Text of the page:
President John Mahama has told the 69th UN General Assembly that the West African country’s talks with the International Monetary Fund–for a programme that will inspire policy credibility in the country’s economy–could eventually launch Ghana into full middle income status.
The world’s second-largest cocoa producer began talks with the Bretton Wood Institution after the local currency–Cedi–plummeted by about 40 percent.
Mr Mahama said the partnership, which the young oil producing country is seeking with the IMF, holds great potential for the economy of the former British colony.
“Last year when I addressed this august Assembly, I explained that it is not sympathy we want in Africa, it is partnership. The ability to stand on our own feet. In an attempt to establish such a partnership, we have entered into discussions with the IMF.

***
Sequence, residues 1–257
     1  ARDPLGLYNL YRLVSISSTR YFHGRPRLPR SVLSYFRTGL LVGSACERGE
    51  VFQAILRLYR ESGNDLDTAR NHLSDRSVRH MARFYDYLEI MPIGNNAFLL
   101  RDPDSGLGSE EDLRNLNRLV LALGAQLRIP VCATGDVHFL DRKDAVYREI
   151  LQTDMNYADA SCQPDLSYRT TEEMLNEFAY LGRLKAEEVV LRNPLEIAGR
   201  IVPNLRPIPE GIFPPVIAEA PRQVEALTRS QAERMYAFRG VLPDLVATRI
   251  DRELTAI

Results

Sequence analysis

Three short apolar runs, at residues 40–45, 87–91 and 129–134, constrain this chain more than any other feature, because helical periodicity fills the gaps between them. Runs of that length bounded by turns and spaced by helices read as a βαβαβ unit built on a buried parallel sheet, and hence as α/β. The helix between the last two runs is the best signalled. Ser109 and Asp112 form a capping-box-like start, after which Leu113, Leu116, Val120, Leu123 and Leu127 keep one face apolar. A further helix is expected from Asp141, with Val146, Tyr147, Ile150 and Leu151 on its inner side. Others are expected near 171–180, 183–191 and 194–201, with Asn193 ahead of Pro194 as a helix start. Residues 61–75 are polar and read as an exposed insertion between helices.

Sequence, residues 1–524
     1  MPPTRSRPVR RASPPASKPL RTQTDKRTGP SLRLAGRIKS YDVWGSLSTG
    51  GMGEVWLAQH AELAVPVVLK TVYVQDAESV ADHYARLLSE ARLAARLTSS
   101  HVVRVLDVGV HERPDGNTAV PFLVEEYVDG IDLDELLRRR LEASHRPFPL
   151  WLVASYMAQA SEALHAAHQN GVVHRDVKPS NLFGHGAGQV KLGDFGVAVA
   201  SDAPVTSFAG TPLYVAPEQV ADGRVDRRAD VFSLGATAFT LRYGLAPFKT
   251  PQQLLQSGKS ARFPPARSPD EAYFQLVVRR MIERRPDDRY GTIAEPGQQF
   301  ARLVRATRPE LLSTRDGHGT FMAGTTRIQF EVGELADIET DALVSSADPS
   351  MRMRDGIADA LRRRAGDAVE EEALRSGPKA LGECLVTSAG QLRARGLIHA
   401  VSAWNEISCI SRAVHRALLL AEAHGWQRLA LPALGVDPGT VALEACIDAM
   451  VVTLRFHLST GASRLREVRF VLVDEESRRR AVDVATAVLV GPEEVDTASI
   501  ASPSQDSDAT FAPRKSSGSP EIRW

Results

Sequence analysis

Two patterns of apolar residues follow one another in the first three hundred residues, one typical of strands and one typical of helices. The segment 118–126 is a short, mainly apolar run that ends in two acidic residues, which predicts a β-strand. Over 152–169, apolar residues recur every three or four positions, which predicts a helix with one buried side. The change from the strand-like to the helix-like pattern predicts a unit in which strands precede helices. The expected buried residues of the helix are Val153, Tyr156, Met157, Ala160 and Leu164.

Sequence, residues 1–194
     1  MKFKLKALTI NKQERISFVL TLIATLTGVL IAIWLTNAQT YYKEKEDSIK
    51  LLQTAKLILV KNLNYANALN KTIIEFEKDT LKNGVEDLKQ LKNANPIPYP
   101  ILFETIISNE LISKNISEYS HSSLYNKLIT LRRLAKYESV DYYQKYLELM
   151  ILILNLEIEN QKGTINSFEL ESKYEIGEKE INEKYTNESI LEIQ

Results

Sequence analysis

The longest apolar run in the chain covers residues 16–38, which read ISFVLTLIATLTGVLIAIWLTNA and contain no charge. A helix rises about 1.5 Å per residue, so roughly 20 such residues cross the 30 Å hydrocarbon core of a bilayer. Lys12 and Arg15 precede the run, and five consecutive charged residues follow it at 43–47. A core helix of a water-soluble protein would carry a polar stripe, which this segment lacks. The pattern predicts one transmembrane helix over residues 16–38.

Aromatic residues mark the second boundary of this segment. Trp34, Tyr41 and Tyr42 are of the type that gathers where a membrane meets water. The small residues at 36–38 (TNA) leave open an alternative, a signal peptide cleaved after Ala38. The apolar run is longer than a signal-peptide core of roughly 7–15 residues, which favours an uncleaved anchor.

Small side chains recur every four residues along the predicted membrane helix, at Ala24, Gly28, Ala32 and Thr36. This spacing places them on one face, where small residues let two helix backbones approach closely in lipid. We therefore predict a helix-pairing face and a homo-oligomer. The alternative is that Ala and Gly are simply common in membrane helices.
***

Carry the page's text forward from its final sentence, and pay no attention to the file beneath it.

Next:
“Indeed both Ghana and the IMF have evolved and this partnership has the potential to bring about the sort of transformation that will move Ghana from the realms of a low-middle-income country into a fully-fledged middle income one,” he said.
He observed that “like so many African countries, Ghana has been through dark economic times,” but “already the homegrown measures of fiscal stabilisation that we have taken are yielding results.”
“Only this month, Ghana surprised even its most ardent critics when it launched its third Eurobond for an amount of $1 billion. This successful flotation represents a return of investor confidence in the prospects of the Ghanaian economy,” the ECOWAS Chair told the Assembly.
“This confidence is apparent in the recent rebound of our domestic currency the Cedi.
“Over the last two weeks, the Cedi has appreciated significantly against its major trading currencies,” Mahama noted.